When the economy experiences a serious downturn, most companies experience changes in the way their business operates. This also holds true for the nations colleges, universities, community colleges and trade schools Many people are opting out of the workplace to go back to school while many high school students are choosing to enroll in their local community college rather than enter the workforce immediately, hoping that better training and an improving economy will help their prospects down the road.

From Indiana to Arizona, enrollment is up, especially at 2-year institutions. This does not come as a surprise to many analysts, who notice this dynamic often occurs when unemployment numbers are on the rise. A few examples of this include Frederick Community College in Maryland, which is expected to have an 8% - 10% rise in enrollment this year. Ivy Technical College in Indiana is seeing an enrollment increase 10.3% in the 2007-2008 academic year. Analysts expect these trends to continue in the near term.

Many wonder how the states are going to be able to cover the financial burdens. Governor Kaine of Virginia warned that the state budget would be slashed this October in areas that are traditionally considered off limits, according to Zinie Sampson of the Associated Press. Thirty or more states have fiscal deficits. Moreover, 60 percent of the funding for community colleges comes from the state legislature. While this may not be an immediate issue, Norma Kent of the American Association of Community Colleges warns that “it’s a perfect storm” that is looming over the coming months.

In addition to community colleges, online courses are also filling up quickly. The popularity of these online courses is causing schools such as Drexel University and the University of Houston to consider expanding their offerings. Drexel has reported an 86% increase in applications for its online courses from January through June, according to an article published by Reuters earlier this month. Education experts speculate that this trend is because of the higher transportation costs as well as other economic factors.

While these increasing enrollment numbers for lower cost schools are significant, statistics indicate that it is not at the expense of private schools, which typically have much higher costs. At all levels of the higher education spectrum, enrollment is increasing as students try to make the most of tough times, while preparing themselves for right opportunity when conditions improve.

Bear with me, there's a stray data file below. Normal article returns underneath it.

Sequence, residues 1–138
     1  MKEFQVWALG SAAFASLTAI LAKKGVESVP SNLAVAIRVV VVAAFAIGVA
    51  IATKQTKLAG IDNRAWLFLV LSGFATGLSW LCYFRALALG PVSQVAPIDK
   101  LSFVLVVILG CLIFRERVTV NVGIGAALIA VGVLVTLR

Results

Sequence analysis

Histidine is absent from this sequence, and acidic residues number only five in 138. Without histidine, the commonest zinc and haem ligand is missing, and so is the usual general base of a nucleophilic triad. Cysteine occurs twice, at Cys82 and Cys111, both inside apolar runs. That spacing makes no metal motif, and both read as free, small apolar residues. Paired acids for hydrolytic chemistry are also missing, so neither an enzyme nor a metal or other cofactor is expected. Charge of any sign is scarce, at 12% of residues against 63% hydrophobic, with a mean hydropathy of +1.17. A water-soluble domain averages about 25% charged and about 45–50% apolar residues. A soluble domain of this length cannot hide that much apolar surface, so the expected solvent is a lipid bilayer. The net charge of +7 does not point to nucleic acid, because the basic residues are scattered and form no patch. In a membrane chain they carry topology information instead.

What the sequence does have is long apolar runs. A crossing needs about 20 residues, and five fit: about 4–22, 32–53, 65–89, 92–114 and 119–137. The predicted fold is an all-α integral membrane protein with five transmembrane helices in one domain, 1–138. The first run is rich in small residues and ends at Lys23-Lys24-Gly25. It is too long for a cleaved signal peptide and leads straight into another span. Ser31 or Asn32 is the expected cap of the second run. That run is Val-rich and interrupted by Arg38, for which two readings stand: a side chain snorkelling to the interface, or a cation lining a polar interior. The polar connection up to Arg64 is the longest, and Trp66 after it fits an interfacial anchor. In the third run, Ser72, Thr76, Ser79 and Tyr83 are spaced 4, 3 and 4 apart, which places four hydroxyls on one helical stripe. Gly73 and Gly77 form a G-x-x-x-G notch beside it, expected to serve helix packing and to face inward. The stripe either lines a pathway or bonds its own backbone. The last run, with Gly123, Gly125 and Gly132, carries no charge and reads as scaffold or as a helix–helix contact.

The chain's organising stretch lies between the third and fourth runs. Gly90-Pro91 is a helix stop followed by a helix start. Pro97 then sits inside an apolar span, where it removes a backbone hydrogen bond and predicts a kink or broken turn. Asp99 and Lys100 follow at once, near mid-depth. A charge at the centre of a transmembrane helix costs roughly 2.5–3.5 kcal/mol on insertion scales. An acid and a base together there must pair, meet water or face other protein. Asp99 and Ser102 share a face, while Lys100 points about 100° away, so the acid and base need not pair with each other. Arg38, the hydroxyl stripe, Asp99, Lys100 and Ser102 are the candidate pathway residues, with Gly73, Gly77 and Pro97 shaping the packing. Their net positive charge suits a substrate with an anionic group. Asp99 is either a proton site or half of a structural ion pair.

Tuesday, August 19, 2008

Young and in Credit Card Debt

After graduating high school, some students go with their parents to the bank to take out a loan for college. Some go to the bank by themselves, and better yet, some don’t need to worry about paying for tuition. But what happens when an 18 or 19-year-old walks into their bursar’s office and are given a plastic card with a Visa or MasterCard logo on it?

Many colleges do just this, refunding any overpayments on a stored value debit card rather than refunding cash directly to students. While these cards are not technically credit cards, and are certainly convenient, they also encourage the use of plastic by students while familiarizing them with major branded credit card logos. The convenience argument promoted by the companies that provide these cards is flimsy at best, as nothing is more widely accepted than cash. For large amounts, most students have a bank account that already has a debit card.

Schools have defended the practice of forming select, sometimes exclusive, relationships with various companies by touting convenience. Many Schools have also allowed these relationships to permeate wide areas of campus so that credit card issuers may directly solicit student credit applications through various promotions. Whether students make the distinction between the debit cards they get from the school and the credit cards they are applying for while enjoying a credit card promotion is questionable at best. However, with the blanket issuance of credit cards, and on campus credit card application drives, the school has a responsibility of educating their students on fiscal responsibility.